Years ago my family got me a big blue gazing ball for my daisy flowerbed and I knew I wanted more, more, more! But hey, those gazing balls are not cheap and they are surprisingly fragile. Basically they are just giant glass Christmas balls. So they break if they fall over.What to do?

My first idea involved a bowling ball and lots of glass half marbles from the Dollar Store. I got this idea from the Garden Junk forum over at Garden Web. I used Silicone II adhesive for half of the ball and E6000 jewelry adhesive for the other half. I prefer the jewelry adhesive. And I LOVE how this came out!!! The bowling ball cost me $4 at a thrift store and I used about 6 bags of glass marbles, more or less. A 40% off coupon from Michael's snagged the E6000 and voila!!! My first blue glass garden ball for about $14. I was hooked!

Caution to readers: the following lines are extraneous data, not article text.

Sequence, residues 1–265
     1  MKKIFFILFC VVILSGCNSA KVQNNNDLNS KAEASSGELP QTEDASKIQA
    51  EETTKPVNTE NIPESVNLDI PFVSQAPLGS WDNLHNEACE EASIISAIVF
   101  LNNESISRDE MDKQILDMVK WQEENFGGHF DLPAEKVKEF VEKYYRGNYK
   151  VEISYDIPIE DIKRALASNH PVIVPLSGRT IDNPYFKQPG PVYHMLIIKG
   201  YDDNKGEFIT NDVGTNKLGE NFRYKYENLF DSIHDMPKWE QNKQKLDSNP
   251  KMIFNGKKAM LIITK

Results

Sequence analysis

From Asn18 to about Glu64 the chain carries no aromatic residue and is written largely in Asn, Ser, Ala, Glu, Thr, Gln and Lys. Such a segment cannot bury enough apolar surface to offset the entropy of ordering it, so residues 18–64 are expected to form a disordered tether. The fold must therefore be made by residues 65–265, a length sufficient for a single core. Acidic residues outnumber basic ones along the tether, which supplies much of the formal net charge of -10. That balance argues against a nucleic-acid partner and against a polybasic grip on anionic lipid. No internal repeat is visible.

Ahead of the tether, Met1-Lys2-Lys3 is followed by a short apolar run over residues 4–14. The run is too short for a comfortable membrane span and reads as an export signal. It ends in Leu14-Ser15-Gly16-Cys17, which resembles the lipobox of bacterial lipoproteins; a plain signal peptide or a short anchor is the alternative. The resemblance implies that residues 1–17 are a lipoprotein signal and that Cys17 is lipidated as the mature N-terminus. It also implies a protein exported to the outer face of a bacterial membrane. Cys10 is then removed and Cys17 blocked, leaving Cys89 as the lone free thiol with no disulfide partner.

I snagged this round glass light fixture for 25 cents and knew it would be my next ball project. Dollar Store half marbles and garage sale finds gave me the blue glass I needed. I decided to go with this Amazing Goop silicone adhesive because it was CHEAP. It is basically the same formula as the E 6000 and the Silicone II. The total cost on this pretty ball is less than $10.

This is definitely an OUTSIDE project since all the glues I've mentioned are incredibly smelly. Even outside I have a fan blowing across my work area to avoid the fumes. I settled on my front porch and started gluing. Put a small blob of glue on each individual marble, you do not have to goop it on. Smear a layer on your big ball and put your marble in place. I twist them a bit to make sure they stick together.